It seems hardly probable that the Mission Board would come out and officially inform the contributing church members of the United States:

“We have no intention or desire, either immediate or ultimate, of converting Mussulmans in Turkey. We are running secular schools there with the hope of raising their general moral standing and making Mohammedans of them.”

If the board can raise money for such a purpose, that would be a frank honest proposition for both Turk and Christian.

It is logical for the devout Christian to give money for the conversion of the Moslem. The faith of the Nazarene is one of the proselytizing religions, as Professor Max Muller said in his famous lecture in Westminster Abbey in 1873. It can not be possible, however, that there is any mental impulse in this country which would lead Americans to contribute large sums for the support of purely secular schools in foreign countries. Even from a humanitarian standpoint, there are more crying needs for their charity.

The one thing that the missionary working in Turkey really fears is that some Turk may be converted. Should this occur a storm of fanaticism and violence would break upon his head that might close his school and end his career. It is not possible to convert Mohamrnedans in Turkey, nor even let them get wind that one is trying to do such a thing. In my thirty years of service in the Near East I have known of but one Moslem really converted. I remember distinctly the uneasiness, which his impending public confession caused among his teachers, imperiling, as it did, all their future activities. He was persuaded by the missionaries that the time was not ripe for him to proclaim his change of faith, but the Mohammedans became aware of it and promptly murdered him. According to the best information available it cost between forty-five and eighty million dollars to convert that unfortunate young man and he did not last long. The Moslem who renounces his religion suffers ostracism, forfeiture of his goods and practically commits suicide.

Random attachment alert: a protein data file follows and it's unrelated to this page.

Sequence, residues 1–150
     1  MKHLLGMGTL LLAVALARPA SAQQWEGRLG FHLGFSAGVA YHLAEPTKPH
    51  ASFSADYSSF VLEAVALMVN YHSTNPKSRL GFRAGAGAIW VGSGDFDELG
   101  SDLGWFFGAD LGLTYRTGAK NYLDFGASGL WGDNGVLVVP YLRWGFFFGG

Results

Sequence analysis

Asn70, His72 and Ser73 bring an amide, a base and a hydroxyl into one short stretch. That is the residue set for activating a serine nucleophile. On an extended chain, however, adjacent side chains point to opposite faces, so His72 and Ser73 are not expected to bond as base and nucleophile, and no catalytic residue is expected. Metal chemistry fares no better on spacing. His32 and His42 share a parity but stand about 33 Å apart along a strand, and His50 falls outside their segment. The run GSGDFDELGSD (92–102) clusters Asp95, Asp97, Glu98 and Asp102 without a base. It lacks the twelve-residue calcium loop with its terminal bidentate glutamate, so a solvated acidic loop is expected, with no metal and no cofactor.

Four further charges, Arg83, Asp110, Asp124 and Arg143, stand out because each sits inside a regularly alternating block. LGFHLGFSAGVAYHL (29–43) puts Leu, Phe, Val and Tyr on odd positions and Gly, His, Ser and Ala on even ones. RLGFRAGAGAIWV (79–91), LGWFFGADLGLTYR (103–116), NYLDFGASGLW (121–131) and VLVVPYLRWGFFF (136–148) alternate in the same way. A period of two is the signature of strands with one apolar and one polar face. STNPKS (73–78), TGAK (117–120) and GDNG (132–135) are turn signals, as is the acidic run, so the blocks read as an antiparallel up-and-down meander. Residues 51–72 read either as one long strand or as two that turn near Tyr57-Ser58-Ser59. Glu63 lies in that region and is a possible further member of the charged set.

During the War and before the Turks severed diplomatic relations with the United States, the Germans were anxious to seize the beautiful and expensive buildings of the International College of Smyrna and turn them into barracks. I had much to do in preventing this. On one occasion, while talking with Rahmi Bey, the Turkish governor (vail) of Smyrna at that time, he said to me: “The only reason that I can protect that college is that I have never seen any disposition on the part of its president and faculty to convert Moslems. Should any such attempt be made I could no longer shield it.” This was the argument, which the vali used with the authorities at Constantinople. It was this clean record which saved the college.